Size & Scale
When designing, I’m often concerned about maintaining proper scale and proportion. In equestrian design, arenas in particular pose a challenge simply because they are such large structures. An arena is never small, but since different riding styles determine the amount of space required, it’s important to first understand how much space you need. Once you gauge the room necessary to ride, you may consider some of the following elements to design a proportionate and functional arena.
Lower the Stakes
Arenas of all sizes benefit by lowering the structure within the site. Push the structure into the ground and the visual height is greatly reduced. Typically, I recommend lowering the arena four to five feet into the ground. That way you can create an observation area on one or more sides, that has visibility over a kick wall or fence, with an on-grade entrance from the exterior. The “bird’s eye view” observation area is excellent for spectators and the lowered grade takes full advantage of the site without increasing the structure’s bulk.
If there are several facilities on your site, carefully placing the arena amongst the facilities you have—or the ones you plan to build—can help to break up the arena’s large scale. The slope of the roof is often overlooked in prefabricated arenas; often too-low roofs of these structures offer only a massive, box-like look. If, however, the roof is sloped at five in 12 or greater, the arena can appear smaller and fit more naturally into the landscape. Sometimes you’ll run into zoning or code restrictions with height, so lowering the arena into the ground can literally give you more working room.
Covered vs. Enclosed
Geographic location is everything when considering an enclosed, covered, or open arena. An enclosed arena is probably necessary in cold or windy climates. Roll-up garage doors with translucent or clear panels on all sides of the arena can provide an indoor-to-outdoor feel; just open it up when the weather permits or, alternatively, close it up during inclement weather.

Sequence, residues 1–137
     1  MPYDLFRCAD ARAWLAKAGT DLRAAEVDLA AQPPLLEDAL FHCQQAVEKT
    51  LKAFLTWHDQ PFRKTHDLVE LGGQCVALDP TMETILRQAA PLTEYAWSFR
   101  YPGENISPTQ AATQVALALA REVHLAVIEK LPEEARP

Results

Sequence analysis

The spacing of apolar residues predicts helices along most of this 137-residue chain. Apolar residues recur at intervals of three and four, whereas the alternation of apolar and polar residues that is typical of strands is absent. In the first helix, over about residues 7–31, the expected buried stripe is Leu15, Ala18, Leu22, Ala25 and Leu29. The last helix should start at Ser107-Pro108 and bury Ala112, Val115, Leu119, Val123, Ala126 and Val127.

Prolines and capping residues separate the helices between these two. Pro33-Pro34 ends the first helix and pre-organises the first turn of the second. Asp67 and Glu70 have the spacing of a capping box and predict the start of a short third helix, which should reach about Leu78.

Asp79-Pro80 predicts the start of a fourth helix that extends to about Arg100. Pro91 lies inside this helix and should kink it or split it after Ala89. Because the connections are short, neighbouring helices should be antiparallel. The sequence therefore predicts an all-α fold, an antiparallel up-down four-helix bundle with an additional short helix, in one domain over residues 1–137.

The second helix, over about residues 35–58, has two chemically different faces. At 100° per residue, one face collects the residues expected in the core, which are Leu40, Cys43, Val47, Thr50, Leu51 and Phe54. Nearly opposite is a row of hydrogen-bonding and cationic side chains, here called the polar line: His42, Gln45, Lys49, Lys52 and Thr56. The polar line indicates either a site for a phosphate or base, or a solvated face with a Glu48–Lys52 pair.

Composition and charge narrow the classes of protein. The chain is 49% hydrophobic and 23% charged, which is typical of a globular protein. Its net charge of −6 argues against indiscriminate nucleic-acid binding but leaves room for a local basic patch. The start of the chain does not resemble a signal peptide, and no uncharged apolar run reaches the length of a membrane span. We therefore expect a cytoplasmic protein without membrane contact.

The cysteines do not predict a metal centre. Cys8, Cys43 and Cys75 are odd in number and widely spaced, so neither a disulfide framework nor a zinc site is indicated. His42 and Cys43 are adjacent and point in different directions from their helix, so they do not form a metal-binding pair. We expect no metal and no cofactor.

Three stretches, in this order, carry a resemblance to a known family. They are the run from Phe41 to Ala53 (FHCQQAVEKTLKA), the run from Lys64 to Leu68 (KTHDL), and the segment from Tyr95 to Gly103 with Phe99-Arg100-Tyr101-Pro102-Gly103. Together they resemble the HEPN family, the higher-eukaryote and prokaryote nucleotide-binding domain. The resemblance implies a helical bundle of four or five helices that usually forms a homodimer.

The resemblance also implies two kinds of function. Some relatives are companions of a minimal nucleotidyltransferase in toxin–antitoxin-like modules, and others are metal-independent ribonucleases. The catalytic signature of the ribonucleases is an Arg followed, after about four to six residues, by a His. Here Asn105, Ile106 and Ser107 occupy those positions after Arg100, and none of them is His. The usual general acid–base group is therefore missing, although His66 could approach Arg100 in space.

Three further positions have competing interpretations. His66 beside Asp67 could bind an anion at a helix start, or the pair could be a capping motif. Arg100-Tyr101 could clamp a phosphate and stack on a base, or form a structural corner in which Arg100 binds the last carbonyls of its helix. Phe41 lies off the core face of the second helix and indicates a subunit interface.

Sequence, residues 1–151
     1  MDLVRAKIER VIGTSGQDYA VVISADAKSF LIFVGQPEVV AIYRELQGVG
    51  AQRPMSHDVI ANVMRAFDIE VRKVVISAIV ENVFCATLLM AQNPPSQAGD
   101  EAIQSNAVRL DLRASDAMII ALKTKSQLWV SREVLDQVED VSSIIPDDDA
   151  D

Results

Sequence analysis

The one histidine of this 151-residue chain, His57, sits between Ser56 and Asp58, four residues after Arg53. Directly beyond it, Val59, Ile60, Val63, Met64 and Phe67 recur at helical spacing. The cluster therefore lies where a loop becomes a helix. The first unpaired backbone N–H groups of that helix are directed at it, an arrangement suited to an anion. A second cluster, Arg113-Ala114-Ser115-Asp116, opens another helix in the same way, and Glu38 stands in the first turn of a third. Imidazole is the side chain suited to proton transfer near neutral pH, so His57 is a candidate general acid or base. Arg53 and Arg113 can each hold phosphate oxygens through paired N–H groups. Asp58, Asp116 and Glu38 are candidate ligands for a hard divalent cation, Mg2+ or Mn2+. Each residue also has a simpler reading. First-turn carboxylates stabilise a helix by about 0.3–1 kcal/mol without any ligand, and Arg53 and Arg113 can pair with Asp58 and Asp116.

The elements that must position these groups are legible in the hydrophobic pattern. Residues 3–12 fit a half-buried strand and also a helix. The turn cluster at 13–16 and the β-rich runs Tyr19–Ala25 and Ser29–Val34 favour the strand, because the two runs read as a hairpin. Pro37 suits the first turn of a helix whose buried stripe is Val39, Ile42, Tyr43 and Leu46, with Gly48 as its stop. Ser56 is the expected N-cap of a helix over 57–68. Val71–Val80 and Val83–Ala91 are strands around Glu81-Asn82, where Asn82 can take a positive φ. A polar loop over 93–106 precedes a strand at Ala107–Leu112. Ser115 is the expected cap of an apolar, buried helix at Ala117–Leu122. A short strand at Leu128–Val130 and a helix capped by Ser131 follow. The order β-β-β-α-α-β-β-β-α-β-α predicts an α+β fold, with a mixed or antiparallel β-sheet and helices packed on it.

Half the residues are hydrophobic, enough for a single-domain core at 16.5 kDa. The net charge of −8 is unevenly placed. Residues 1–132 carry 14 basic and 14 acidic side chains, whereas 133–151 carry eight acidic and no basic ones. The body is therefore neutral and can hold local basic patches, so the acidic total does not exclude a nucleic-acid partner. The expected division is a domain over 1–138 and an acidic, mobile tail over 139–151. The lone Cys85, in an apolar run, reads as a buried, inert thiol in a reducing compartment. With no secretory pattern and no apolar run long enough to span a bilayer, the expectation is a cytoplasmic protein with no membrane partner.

We try to take advantage of natural light in all of our designs—from equestrian to residential—because natural light really can’t be beat. A continuous ridge skylight is the most effective method to achieve this, and the technique also increases natural ventilation within the arena. Operable louvers can further contribute to natural light and ventilation while maintaining control as you adjust them accordingly. Any glazing used should be translucent to avoid creating shadows that might confuse a horse. While a large skylight is a more expensive option, various materials can reduce its cost. A naturally lit arena doesn’t rely on electric lights during the day, which is another bonus for horses and riders.
An associate of mine runs a great email list that features news and happenings in the equestrian community. The other day, the email contained an article from Maryland’s Prince George’s County section of The Gazette. Written by Zoe Tilman, the article is about a horse industry task force up for vote in Prince George’s County. With several states adding slots venues (such as Pennsylvania, West Virginia, and Delaware), the pressure is on the equine industry to take advantage of its potential revenue power, especially in regard to racinos—the combination of a casino with thoroughbred racing.